Jobu examines the return of “Pronk.”
Last season we did a series of posts called Redemption Song, where we profiled some veterans that were experiencing a sudden encore performance in the bigs after seemingly being on their way out of the league. One of the reasons baseball (or possibly PEDs in some cases) is great, is because there’s always a handful of stories like these every year. Right now, we’re experiencing the redemption song season for the Yankees’ Travis Hafner. He’s gone above and beyond what the Yankees could possibly have hoped for. Congratulations, Travis.
“Pronk”, as he’s known around the big leagues (legend has it that Rangers’ teammate Bill Selby combined two nicknames, “The Project” and “Donkey” that Hafner already had), has been around quite a long time. He was born on June 3, 1977 in Jamestown, North Dakota (no, history buffs… that’s not that Jamestown). He attended such a small high school, that it didn’t have a baseball program. That’s probably because his senior class only had 12 people in it (thanks, wiki). Anywho, he eventually attended Cowley County Community College in Arkansas City, Kansas (I guess Kansas took the whole Kansas City, Missouri thing pretty hard), and it was from there that the Texas Rangers plucked him in the 31st round of the 1996 amateur draft.
Hafner didn’t make his Major League debut until 2002, when he was called up for a cup of coffee by the Rangers at age 25. That off-season, he was traded to the Indians with Aaron Myette in exchange for catcher Einar Diaz and starter Ryan Drese. Good lord, Texas. Diaz played one less than stellar season in Texas before hopping around to a few teams and retiring a few years later. Drese, meanwhile, Pitched parts of three years with the Rangers, not impressing much at all before being waived in 2005. What did Hafner do? Oh… not much… He just became one of the best power hitters in the league… Not much at all.
After he spent the 2003 season in a part time role, the Indians finally gave him a regular spot in the lineup in 2004, and he didn’t disappoint. Over the next three seasons, Hafner didn’t hit below .305 and topped out at 42 homers and 117 RBI in 2006, when he also led the league with a .659 SLG and a 1.097 OPS. It was after that season, however, that he began to get bit by the injury bug. After a mediocre 2007 season (although he still drove in 100 that year), he began missing a lot of games. He only played 57 games in 2008, 94 in 2009, 118 in 2010, 94 in 2011 and 66 in 2012. Worse yet, when he did manage to play, he wasn’t very good. He topped out at 16 homers during that stretch, and never drove in more than 57 runs. His once robust batting average was .228 in his last season in Cleveland in 2012.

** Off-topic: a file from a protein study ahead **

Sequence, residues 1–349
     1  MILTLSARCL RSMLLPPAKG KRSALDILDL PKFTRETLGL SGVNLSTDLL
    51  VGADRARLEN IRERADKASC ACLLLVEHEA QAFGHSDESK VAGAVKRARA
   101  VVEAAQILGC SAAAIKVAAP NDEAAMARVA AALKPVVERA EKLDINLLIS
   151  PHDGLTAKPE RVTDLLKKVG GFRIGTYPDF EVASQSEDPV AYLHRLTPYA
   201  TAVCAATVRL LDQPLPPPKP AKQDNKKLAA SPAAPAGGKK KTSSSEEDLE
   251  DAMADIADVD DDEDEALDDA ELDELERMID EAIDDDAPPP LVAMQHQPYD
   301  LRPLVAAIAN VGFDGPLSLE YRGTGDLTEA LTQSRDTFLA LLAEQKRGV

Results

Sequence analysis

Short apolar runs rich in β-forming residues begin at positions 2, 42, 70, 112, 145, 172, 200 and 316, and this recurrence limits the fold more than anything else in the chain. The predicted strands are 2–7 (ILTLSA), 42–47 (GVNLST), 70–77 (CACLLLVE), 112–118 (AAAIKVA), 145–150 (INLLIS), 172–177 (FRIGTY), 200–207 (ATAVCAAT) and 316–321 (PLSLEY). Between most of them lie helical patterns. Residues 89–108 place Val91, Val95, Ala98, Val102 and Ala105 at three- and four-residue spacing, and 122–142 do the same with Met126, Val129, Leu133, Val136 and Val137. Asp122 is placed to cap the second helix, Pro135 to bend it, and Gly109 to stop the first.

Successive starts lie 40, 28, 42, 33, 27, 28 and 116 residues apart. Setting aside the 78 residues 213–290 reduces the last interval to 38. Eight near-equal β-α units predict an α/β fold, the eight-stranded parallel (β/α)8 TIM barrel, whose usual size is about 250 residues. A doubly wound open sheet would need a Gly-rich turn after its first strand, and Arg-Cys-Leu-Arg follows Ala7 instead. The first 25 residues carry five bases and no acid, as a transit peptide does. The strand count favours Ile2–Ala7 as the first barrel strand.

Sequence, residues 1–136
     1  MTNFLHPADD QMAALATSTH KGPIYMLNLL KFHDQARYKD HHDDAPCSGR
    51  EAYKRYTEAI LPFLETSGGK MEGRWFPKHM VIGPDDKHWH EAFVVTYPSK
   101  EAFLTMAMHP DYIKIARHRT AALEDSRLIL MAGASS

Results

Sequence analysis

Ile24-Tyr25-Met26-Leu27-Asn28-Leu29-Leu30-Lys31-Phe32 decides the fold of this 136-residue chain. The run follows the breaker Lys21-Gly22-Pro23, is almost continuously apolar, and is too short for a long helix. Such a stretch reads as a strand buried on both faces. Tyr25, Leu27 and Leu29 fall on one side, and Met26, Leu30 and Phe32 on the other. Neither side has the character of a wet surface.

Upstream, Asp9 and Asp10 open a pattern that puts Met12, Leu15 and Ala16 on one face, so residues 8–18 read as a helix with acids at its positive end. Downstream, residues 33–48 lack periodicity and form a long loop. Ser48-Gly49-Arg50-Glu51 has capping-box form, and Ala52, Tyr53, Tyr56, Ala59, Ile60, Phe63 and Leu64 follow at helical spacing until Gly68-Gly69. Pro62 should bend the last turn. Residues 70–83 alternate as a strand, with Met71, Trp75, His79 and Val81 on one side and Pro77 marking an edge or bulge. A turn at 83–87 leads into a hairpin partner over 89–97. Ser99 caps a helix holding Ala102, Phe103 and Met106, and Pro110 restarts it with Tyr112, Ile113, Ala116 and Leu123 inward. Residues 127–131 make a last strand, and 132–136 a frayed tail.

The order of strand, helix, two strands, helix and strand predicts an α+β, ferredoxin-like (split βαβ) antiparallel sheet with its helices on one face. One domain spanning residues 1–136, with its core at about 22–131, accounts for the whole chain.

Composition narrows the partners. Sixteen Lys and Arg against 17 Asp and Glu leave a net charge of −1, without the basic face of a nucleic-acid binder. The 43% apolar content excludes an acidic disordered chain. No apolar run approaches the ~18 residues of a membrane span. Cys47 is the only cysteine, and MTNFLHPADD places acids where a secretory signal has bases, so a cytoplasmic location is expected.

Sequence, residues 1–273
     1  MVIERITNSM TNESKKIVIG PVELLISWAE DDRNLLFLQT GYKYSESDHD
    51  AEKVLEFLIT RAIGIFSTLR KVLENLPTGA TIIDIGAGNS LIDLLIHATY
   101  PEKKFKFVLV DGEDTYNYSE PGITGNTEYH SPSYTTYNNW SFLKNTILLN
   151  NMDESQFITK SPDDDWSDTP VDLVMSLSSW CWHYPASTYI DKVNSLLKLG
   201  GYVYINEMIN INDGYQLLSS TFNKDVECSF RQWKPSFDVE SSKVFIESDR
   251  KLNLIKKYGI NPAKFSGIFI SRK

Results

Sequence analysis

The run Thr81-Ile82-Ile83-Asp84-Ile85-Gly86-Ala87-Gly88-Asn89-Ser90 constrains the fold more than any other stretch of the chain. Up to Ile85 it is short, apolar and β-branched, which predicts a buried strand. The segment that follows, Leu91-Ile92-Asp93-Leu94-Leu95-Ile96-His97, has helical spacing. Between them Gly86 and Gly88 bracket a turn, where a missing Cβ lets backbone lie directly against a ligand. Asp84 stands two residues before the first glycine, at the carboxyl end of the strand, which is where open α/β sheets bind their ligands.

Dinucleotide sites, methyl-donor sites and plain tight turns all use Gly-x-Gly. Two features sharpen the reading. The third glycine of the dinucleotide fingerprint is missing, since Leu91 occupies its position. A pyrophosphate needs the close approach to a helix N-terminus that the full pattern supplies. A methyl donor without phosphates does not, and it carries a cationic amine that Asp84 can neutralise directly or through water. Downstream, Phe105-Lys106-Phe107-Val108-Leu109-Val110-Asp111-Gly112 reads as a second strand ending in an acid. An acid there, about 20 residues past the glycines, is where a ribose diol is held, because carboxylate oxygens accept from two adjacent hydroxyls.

That’s when the Yankees came calling. Hafner’s big time contract (4 years for $57 MM extension in 2007) expired after the 2012 season. The Yankees, while pretending to drop payroll to reach an $189MM payroll by 2014 to avoid a luxury tax, managed to pick Hafner up off the scrap heap for a cool $2MM. Apparently the Indians tried to bring Hafner back at the last moment, but he told them that he had come pretty far in his negotiations with the Yankees, and he had to honor that (or at least thats the story Michael Kay told on the air). He signed to be the Yankees DH against righties. The Yankees (and Hafner too, I’m sure), were hoping that a diminished part-time DH role would help Hafner stay healthy all season long. The way he’s been hitting, I think everyone is now hoping that’s the case too.
Through his first 26 games, Hafner has hit .291/.417/.592 with 6 home runs and 18 RBI. Not only that, but he’s hit some key game-tying and game-winning homers so far this season. With the Yankees offense featuring guys from an Abbott and Costello routine (who? what? I dunno on third), the Yankees needed someone to step up and help Robinson Canó carry the load, and Hafner has done just that.
Let’s just hope he can stay healthy… at least until the Yankees start getting their bigger bats back from the disabled list.
Featured image courtesy of: Al Bello/Getty Images
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